Thursday, March 22, 2012

Money Money Money Money

David Horsey has a pretty perceptive analysis of Mitt Romney's win in Illinois this week:

Tuesday night in the Illinois primary, Mitt Romney won his most convincing victory so far and demonstrated, once again, the power of money in politics.

Romney's critics have carped that he has had to buy his wins; that the endless stream of negative TV ads he has been able to put up have made it an unfair contest. One of Romney's spinners had a pretty good answer to that: It's like a losing basketball team complaining how unfair it is that the guys on the other side are too tall.

In the end, money almost always wins in politics. ...

Indeed, and that's why both parties are going to great lengths to procure plenty of it. President Obama, who doesn't have a primary challenger, has been out raising the Republican candidates and hasn't had to spend much during this part of the year. Romney, who has been assiduously planning this campaign for several years, has the money and the organization in place to raise more and to hit the ground running in the key states he needs to wrap up the nomination quickly. His three opponents? Eh, not so much, and it showed in Illinois.

Illinois was a good test for the Republican field. It isn't anyone's home state. It isn't a deep-red Southern state. It is a big state with a diverse population that looks a lot like the country as a whole. Rick Santorum gave it his best shot, finally getting a virtual two-man match-up, since Newt Gingrich did not compete and Ron Paul has faded to an afterthought. And Romney hammered Santorum with his money machine. ...

The big question that remains at this halfway point in the primary season is whether Romney can win the nomination outright once every state has had its say. All the chatter about a brokered convention may just be the wishful thinking of Santorum fans and political reporters hoping for something interesting to do when they head to Tampa, Fla., for the GOP gathering at the end of the summer. Still, poll tracking done by Real Clear Politics indicates the support for each of the candidates is firming up. If so, that means the delegate split will continue, making it harder for Romney to pull away and win it all by June.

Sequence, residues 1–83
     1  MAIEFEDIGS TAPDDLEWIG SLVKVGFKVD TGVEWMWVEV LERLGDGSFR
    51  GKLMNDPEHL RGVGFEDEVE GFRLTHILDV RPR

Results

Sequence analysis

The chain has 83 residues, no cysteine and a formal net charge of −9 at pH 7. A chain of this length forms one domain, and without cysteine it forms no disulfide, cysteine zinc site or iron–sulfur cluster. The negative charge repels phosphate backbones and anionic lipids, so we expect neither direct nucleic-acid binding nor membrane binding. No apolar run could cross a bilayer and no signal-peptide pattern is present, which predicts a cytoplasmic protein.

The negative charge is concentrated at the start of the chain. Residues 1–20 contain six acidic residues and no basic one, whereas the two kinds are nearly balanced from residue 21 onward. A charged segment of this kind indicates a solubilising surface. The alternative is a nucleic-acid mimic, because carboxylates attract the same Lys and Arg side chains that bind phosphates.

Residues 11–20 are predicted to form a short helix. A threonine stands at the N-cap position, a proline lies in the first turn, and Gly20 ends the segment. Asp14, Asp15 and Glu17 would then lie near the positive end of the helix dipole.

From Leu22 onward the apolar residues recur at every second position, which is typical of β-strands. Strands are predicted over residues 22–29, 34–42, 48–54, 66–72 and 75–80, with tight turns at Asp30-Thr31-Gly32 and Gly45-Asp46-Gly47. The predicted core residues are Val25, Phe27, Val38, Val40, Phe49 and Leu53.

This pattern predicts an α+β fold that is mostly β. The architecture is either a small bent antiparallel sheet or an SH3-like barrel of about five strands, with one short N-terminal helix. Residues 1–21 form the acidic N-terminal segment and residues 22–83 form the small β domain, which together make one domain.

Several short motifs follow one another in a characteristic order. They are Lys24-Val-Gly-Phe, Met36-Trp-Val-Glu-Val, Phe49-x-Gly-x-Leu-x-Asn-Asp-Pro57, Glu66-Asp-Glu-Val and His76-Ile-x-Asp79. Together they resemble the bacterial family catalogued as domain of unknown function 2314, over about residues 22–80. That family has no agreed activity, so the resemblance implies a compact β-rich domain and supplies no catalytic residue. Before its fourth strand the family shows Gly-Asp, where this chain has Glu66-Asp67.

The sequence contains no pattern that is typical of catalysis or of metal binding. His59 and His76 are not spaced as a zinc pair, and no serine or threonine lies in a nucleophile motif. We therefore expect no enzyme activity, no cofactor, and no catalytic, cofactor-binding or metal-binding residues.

Mr. Horsey didn't mention a couple of things which also play into the GOP campaign right now. The first, of course, is voter turn out, which has been amazingly low in each contest so far. That has to be worrisome for the GOP because it seems to show that voters are just not all that excited about any of the candidates. Romney's organization may have been able to get out the vote at key moments, giving him his roughly two-to-one lead in delegates, but there's still a lot of country cover.

Second, Mr. Romney continues to wander off script and to utter the kind of statements that turn off voters. "Corporations are people." "I like firing people.""I have friends who are [NASCAR] [NFL] [other pro sports teams] owners." Now that failing seems to be spreading to key members of his staff:

From Greg Sargent at the Washington Post, via Atrios:

Think Progress flags an amazing exchange on CNN, in which Eric Fehrnstrom, a top adviser to Mitt Romney, seems to confirm that the conservative positions Romney has been forced to take during the primary won’t be a big deal because he can simply erase them once he becomes the GOP nominee: ...

Here’s the exchange:

HOST: Is there a concern that Santorum and Gingrich might force the governor to tack so far to the right it would hurt him with moderate voters in the general election?

FEHRNSTROM: Well, I think you hit a reset button for the fall campaign. Everything changes. It’s almost like an Etch A Sketch. You can kind of shake it up and restart all over again.

Hoo, boy! That's a real clanker! One worthy of his boss.

And not only the Democrats pounced on that statement with glee; so did Rick Santorum. Mitt, Mr. Flip Flop, still has a rough road to the convention. David Horsey may be right that money is what matters, but if Romney gets the nomination, it may very well be that the GOP has given up all hope for the White House in November and will instead concentrate on down-ballot elections.

Popcorn futures are rising. You might want to buy now while you still can.



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